This is a Japanese
term from the game of Go
). It is a compound term, coming from the individual terms "keima
" and "shimari
." For a more detailed explanation of these terms, see the relevant nodes, but basically, a keima
is an arrangement of stones that resembles the move of a knight
, and a shimari
is a corner enclosure
resulting from the same player playing two stones in the same corner.
The keima shimari is probably the most common form of shimari, and is shown below:
("," is the corner hoshi (star point) and is only for reference. It has no game effect, and can be ignored if you don't know what it is.)
The shimari is formed by stones on the 4-3 and 3-5 points, so is sometimes alternately called a 4335 enclosure. The two stones form a keima with one another and lay fairly secure claim to the corner territory, and radiate a reasonable amount of influence, especially in the upward direction. A stone in the vicinity of the left side hoshi (10-4 point) is now ideal for the person with the shimari (assuming the shimari is in the bottom left and facing as shown), especially if the facing corner is also owned by the same player, so the opponent will often play a wedge around 10-4 first, in order to prevent this.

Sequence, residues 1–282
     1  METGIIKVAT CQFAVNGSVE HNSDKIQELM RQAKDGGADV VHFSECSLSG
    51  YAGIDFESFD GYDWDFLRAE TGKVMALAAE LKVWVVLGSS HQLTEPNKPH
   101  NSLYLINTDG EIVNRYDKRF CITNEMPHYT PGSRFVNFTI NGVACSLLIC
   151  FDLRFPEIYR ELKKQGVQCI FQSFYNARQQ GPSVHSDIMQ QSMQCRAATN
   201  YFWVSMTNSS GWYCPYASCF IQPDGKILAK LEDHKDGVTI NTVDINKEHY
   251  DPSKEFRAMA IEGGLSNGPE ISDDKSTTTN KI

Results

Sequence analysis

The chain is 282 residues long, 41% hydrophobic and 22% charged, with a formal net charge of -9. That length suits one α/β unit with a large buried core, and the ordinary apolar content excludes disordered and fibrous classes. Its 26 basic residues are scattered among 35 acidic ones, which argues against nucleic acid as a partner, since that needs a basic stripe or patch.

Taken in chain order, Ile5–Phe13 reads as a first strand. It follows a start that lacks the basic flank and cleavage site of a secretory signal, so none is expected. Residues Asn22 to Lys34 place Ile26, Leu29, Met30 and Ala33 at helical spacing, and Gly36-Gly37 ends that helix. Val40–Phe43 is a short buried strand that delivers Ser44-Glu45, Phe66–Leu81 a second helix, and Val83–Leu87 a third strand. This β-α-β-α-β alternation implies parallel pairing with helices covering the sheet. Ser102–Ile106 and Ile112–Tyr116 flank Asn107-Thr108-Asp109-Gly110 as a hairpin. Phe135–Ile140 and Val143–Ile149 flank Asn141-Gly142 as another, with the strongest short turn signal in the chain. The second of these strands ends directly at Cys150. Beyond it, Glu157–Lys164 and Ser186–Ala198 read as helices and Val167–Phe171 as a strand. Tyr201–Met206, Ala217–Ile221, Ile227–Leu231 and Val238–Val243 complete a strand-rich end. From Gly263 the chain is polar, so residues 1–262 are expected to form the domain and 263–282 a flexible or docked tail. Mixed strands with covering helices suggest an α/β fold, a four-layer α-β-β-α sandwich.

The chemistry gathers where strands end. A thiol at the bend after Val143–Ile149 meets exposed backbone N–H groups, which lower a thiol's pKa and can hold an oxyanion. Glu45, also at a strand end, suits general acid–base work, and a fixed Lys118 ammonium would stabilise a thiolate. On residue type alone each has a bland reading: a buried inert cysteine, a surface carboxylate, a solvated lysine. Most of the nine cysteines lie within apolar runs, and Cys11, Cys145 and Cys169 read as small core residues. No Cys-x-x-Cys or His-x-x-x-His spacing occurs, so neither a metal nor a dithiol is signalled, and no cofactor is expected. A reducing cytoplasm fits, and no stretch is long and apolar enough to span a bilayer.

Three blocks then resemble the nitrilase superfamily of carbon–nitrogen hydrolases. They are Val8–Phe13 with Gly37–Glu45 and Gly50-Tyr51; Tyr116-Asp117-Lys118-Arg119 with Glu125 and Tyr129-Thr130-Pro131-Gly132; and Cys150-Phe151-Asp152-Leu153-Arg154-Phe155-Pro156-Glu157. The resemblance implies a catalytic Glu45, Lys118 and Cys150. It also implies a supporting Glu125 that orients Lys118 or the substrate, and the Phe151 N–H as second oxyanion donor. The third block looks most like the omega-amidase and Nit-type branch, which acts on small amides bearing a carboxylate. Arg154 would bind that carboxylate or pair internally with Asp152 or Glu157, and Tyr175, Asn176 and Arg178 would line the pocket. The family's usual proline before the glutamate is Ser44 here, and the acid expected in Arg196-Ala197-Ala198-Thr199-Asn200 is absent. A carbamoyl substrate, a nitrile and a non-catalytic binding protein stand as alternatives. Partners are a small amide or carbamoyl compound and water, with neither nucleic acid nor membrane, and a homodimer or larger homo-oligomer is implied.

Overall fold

A common fuseki for Black is what is known, on Sensei's Library, as the "Orthodox Fuseki." It is made by playing his first stone on a corner hoshi (the 4-4 point in one corner), then the next two so as to form a keima shimari in an adjacent corner, with the long side facing towards his hoshi stone, in order to threaten a play at 10-4 as I described.